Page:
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Popular Art History Teacher and YouTube Guru Takes European Sabbatical to Learn the Art of Cheese

While most middle school kids take naps, send tweets, or just space out during art history, the students in Mr. James Earle’s classroom are not just learning the differences between Baroque and Renaissance art, but how to create art themselves through video production. Amor Sciendi (roughly translated to mean love knowing or love knowledge?)  began in 2010 as lesson plans, collaboratively created with Kate and Gavin Nelson as well as students through Curious.comto make art history accessible and fun for kids. Formerly with the Ross School in East Hampton, New York and now with the AltSchool in San Francisco, California, Earle’s quirky delivery and straight-talk approach seems to be working and even the folks at YouTube have taken notice, naming Earle YouTube’s 2012 EDU Guru.

Already having a degree in Renaissance History from the University of London, Earle’s thirst for knowledge was still unquenched. This past year, Earle took a break from teaching to study and earn an MS in Gastronomical Sciences in Pollenzo, Italy with an apparent focus on the art of cheese. His adventures are being documented for Amor Sciendi in a three-part series, the first being Cheese and Terrior (meaning soil,  land or country the cheese is made). Be sure to subscribe to the channel to see all three videos, the next being Cheese and Love ending with Cheese and Death.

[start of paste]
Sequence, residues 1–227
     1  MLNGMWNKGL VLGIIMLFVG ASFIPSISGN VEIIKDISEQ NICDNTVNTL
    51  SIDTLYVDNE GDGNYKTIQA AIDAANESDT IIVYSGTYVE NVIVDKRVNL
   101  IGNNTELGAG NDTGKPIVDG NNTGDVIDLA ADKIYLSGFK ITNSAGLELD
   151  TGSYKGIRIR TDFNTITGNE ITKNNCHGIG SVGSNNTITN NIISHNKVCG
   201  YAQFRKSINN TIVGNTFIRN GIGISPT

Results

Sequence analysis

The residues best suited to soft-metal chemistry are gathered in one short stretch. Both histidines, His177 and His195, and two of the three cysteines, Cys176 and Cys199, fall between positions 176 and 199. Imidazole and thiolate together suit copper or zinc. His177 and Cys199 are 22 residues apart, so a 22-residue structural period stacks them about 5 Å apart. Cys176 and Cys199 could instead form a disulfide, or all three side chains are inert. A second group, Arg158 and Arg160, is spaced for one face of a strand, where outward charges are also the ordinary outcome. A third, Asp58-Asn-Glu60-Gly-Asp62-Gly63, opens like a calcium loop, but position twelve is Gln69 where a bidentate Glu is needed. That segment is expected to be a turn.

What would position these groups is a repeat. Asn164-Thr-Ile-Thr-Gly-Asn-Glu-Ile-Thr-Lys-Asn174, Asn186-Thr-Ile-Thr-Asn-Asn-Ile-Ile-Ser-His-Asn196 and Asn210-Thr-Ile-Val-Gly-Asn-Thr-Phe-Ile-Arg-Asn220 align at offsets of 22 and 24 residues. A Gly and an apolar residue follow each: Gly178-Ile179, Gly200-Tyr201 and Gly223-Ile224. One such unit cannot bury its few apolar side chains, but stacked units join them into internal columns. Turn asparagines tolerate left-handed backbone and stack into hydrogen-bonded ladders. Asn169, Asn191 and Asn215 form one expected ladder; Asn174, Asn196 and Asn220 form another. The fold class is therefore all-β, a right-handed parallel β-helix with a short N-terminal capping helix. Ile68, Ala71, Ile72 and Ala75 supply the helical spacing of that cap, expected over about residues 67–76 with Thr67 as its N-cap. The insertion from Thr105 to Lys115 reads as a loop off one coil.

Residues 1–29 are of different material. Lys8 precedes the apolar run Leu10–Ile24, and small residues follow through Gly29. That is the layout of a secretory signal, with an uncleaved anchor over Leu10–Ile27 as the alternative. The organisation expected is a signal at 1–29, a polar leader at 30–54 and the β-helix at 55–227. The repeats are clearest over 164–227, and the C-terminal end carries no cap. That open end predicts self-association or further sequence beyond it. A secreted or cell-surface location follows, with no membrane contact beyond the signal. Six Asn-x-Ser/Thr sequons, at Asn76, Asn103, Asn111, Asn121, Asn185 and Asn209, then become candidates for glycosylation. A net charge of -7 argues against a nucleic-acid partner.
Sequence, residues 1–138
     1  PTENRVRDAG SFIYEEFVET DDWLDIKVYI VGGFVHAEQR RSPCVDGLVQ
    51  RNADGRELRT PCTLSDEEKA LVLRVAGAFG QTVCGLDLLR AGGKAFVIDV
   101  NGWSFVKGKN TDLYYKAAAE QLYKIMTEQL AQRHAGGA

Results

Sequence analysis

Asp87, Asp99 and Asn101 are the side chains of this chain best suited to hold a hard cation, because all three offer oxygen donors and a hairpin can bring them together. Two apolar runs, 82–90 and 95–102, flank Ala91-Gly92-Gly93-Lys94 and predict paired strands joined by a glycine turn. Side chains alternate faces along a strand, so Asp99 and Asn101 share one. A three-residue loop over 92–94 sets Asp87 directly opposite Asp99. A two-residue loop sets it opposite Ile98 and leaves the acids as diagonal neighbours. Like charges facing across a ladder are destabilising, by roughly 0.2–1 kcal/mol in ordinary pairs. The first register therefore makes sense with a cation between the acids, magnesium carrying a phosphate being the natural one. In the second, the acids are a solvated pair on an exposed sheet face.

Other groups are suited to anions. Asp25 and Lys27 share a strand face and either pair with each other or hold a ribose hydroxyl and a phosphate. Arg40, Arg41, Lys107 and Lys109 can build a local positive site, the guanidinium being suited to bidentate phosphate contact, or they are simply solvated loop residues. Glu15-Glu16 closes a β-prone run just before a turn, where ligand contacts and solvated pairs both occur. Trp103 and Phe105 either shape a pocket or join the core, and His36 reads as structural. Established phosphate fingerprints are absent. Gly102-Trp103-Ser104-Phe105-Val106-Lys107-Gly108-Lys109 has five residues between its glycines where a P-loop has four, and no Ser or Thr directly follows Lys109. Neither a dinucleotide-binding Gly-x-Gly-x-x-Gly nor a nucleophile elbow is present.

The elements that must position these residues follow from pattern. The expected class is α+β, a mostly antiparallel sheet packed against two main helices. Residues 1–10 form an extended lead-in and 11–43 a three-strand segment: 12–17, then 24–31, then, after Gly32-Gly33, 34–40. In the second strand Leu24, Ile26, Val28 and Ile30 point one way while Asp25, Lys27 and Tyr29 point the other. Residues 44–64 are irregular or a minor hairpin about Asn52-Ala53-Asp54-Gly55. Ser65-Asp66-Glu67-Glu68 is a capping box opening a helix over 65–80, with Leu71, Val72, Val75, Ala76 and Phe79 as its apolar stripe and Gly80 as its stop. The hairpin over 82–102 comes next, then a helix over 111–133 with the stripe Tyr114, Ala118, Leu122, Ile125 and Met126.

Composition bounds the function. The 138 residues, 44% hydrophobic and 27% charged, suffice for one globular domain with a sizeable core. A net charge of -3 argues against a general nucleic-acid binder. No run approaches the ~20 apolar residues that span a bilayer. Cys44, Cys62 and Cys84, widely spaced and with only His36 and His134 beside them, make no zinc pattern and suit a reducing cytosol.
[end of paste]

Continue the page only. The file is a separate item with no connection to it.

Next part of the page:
Stay Cheesy, Mr. Earle!

 

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An Ode to Cheese for National Poetry Month

https://i2.wp.com/www.khonnaruk.com/images/verandah/Missing_Piece/17.jpg

The Missing Piece by Shel Silverstein

My parents were – and still are – voracious readers, and they encouraged my sister and I to do the same as much as possible. While my sister read on occasion, I would get lost in a bookstore for hours, curl up on the giant square pillows the local shop had strewn all over the children’s section and just sink into a pile of books. My mom volunteered at our school library sometimes and was always hip to the latest trend and bestselling authors, so she would offer suggestions all the time. My dad was not as in touch with the adolescent brain so he would pick titles that appealed to him or chose covers that looked cool and distinct. Continue reading

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Cheese snuffs out cigarettes at commissaries

Image: Stars and Stripes

An iconic early photos of one of our nation’s military men depicts a war-ridden soldier smirking at the camera with a cigarette dangling precariously from his lips. Soldiers like our tobacco-toting friend were the heroes of their day, America’s role models and protectors.

Fast-forward a couple of decades and the world’s view of smoking has changed dramatically. As it’s no longer cool to take that drag of smoke, soldiers have evidently turned to a new addiction – cheese! According to the government’s Defense Commissary Agency, cheese wedged out cigarettes by over one million dollars in sales over the past year, making it the number one item sold in military commissaries. Why the turn from smokes to Stilton? Good question.
For more on this cheesy victory, check out the article from Karen Jowers of the Navy Times here.